Something old and wonderful brought 17,500 skating fans to their feet at Capital Centre last night at the sixth annual NutraSweet World Professional Figure Skating Championships.

The event featured top names in pro skating. And, although Scott Hamilton, Toller Cranston and Dorothy Hamill won applause, it was Oleg and Ludmila Protopopov, Olympic gold medalists way back in 1964, who produced the first magic.

The Protopopovs, in demure, 1950s-style garb, wowed the crowd early with a stunningly simple and timeless exhibition of pairs skating.

Having seen the younger pairs perform acrobatics to raucous rock 'n' roll, the crowd seemed touched by the grace of the Protopopovs, as 53-year-old Oleg gently and adoringly spun, hoisted and escorted his 50-year-old partner about the rink with the care one should accord a wife of 28 years.

The roses poured down on the ice and the applause lasted long minutes. "I love them," said George Washington University student Kristi Zimmerman, tears in her eyes.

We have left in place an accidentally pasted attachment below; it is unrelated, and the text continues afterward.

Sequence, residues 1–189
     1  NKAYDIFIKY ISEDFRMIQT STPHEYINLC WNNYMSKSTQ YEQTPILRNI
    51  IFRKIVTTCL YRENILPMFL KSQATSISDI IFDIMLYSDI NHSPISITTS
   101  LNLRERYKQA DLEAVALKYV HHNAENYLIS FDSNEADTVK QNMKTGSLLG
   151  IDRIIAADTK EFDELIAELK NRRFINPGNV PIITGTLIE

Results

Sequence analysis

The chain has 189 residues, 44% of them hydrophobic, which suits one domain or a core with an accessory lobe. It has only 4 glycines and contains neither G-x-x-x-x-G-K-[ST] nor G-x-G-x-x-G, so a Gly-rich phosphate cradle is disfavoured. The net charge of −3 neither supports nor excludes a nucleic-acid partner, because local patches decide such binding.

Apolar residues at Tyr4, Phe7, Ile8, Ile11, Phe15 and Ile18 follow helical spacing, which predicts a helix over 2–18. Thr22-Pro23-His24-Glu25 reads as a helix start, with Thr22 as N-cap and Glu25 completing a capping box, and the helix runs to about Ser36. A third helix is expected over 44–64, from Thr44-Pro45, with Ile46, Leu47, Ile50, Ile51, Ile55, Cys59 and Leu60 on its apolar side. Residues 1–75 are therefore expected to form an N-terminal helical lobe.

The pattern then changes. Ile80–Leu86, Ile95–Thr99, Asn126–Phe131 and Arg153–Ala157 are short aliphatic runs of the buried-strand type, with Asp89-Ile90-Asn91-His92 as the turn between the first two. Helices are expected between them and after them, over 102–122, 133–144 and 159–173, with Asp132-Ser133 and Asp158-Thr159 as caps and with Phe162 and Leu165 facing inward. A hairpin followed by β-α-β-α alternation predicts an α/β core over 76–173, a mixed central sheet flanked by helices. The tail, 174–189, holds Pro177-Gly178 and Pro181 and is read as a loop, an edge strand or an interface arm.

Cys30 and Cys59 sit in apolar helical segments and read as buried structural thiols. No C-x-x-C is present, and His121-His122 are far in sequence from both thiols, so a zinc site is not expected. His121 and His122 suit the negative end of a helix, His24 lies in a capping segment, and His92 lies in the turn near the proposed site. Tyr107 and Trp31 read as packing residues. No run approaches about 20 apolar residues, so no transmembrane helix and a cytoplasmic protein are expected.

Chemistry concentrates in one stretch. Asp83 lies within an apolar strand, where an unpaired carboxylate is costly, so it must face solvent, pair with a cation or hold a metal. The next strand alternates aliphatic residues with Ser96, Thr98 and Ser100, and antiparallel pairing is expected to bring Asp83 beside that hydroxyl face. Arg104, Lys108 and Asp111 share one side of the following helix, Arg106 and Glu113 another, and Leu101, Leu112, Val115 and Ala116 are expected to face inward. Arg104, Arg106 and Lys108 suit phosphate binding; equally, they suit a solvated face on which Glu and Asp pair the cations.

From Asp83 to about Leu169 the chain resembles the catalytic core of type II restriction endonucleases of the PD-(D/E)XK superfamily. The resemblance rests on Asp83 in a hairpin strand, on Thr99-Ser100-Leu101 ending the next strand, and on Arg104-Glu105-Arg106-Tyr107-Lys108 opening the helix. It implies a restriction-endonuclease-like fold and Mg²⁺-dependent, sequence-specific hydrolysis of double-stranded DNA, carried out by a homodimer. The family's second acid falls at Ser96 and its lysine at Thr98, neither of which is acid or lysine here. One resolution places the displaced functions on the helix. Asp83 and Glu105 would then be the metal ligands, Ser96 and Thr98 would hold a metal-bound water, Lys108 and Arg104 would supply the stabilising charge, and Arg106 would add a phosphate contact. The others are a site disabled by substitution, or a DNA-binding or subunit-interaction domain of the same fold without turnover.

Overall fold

Later, Robin Cousins, the 1980 Olympic men's gold medalist, brought perfection to the evening, and thoroughly modern ice dancers Jayne Torvill and Christopher Dean brought laughs and a grand finale.

Torvill, in a flapper dress, and Dean, dressed as a caballero, danced a spoof of a masher and his maid to a 1920s rumba. It was funny, simple and won them six perfect 10s of a possible seven from the panel of judges.

Cousins, the 1980 Olympic men's gold medalist, was graceful in the first half of the two-part performance, and perfect in the second, soft-shoeing on skates to a ragtime tune, which won him the competition's first score of seven perfect 10s.

The 20 skaters invited to this competition, which NBC taped to air on "SportsWorld" Jan. 19 and Feb. 2, were split into two teams, with Cousins and the Protopopovs heading the All-Stars and Hamilton and Torvill and Dean leading the Pro-Stars. The goal evidently is to risk no one's ego but to still have winners and a method for dividing the $210,000 prize money. For what it's worth, the All-Stars won.

The crowd did not quite fill the hall, but it came close, indicating this competition has lost none of its appeal over its six-year run.